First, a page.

In addition to learning basic literacy. A student learns languages particularly Sanskrit, mathematics, physical sciences, Ayurveda, yoga, meditation, and social sciences. The student also gets practical knowledge of agriculture, sustainability, animal husbandry, etc. It caters to the wholesome needs of a student.
If you are looking to know more, read our post about Subjects taught in a gurukul.
Education in ancient India
Education in ancient India used to be imparted through Gurukuls. A shishya (student) used to live with the guru and the guru will feed him, teach him, and treat him like a family.
Is the Gurukul system still available?
Yes, there are many gurukuls still functioning in India. We have created a list of gurukuls by state.
Where can I study Vedas in India?
To study Vedas you either need to join a gurukul or you can start studying on your own. Learning Vedas on your own can be a herculean task. So we have gathered some resources which can help you with your endeavor.
What is the Vedic education system?
Gurukul’s system of education is the Vedic education system. It is the indigenous education of India which flourished till 1200 AD but slowly declined after that.
How is the gurukul education system different from the modern one?
The gurukul system was started in the Vedic age. Over time, these smaller gurukuls evolved into big universities like Takshashila, Nalanda, etc. The modern education system, on the other hand, has its roots in 19th-century England when Sunday schools were opened for educating the masses. Refer “Gurukul system of education Vs Modern education” section for more detail.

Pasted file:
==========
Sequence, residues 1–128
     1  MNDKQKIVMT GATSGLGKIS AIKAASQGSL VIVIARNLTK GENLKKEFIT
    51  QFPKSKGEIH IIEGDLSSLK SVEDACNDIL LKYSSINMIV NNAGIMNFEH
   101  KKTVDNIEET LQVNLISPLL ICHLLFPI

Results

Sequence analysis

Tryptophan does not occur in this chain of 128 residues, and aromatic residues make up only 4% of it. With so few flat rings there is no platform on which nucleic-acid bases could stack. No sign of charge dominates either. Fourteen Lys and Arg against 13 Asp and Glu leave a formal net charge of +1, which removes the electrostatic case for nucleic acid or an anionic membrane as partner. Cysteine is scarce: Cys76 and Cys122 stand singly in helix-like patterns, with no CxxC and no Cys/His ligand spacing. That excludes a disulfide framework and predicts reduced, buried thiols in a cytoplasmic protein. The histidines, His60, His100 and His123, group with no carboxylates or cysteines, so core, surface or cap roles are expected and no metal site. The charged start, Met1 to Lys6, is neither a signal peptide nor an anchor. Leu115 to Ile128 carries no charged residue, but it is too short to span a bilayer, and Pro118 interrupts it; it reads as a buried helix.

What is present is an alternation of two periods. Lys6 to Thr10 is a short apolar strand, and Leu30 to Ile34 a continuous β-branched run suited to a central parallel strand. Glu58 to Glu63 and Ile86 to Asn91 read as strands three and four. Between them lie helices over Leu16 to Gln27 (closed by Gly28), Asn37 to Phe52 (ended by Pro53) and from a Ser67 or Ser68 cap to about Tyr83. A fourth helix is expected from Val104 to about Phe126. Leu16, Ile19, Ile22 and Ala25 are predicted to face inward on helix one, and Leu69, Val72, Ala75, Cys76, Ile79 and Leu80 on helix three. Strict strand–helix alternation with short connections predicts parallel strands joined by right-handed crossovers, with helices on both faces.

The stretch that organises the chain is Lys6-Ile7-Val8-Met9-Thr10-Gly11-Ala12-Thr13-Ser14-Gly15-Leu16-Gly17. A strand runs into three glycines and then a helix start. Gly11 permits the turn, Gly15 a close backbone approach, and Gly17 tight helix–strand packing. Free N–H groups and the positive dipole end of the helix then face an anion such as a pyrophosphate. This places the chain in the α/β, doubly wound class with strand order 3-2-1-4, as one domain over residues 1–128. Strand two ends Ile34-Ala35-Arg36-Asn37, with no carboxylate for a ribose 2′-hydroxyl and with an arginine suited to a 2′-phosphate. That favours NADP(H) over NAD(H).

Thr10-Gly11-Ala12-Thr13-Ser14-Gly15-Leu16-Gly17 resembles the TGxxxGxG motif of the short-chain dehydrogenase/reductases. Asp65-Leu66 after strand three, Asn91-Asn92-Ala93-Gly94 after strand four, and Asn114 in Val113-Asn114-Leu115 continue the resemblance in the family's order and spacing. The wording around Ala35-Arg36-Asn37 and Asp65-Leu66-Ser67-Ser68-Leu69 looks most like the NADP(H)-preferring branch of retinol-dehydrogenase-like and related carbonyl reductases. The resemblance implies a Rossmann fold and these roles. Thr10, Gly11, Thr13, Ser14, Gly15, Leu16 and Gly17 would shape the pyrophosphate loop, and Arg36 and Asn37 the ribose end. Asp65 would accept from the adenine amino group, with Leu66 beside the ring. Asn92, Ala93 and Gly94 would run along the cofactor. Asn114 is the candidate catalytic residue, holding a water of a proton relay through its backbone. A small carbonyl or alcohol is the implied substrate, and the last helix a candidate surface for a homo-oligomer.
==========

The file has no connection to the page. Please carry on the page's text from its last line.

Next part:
Who destroyed the Indian gurukul system?
It is not what you think. Neither the British nor earlier Muslim rulers destroyed the Gurukul Education System, though they acted as a catalyst. The real cause is the deviation of Hindus from Vedic principles.
How many gurukuls were there in India?
India had a different number of Gurukuls at different times. India, for the most part of history, has always been a society that valued learning over everything else. Free and quality education through the gurukul education system was the hallmark of Indian civilization.
Who invented the concept of the gurukul?
The currently functioning gurukul system has been revived by Maharishi Dayanand Saraswati in the late 19th century. But the original Gurukul system has been working in India since time immemorial. The genesis of the concept of gurukul exists in the requirement of sharing knowledge.
What are the myths prevalent in society about Gurukuls?
Society generally considers gurukuls to be useless and wasteful. But if the gurukul system is provided with just 10% support of what the current education system is getting, then it can create the incredible India that it was! If you want to learn more about the myths prevalent in our society read our post about it.
Is Gurukul illegal in India?
No, opening or running a gurukul is not illegal in India. But due to the apathy of the government as well as society, the gurukul system is in a pathetic state.
If you are interested in reviving the Gurukul education system’s lost glory, consider contacting us.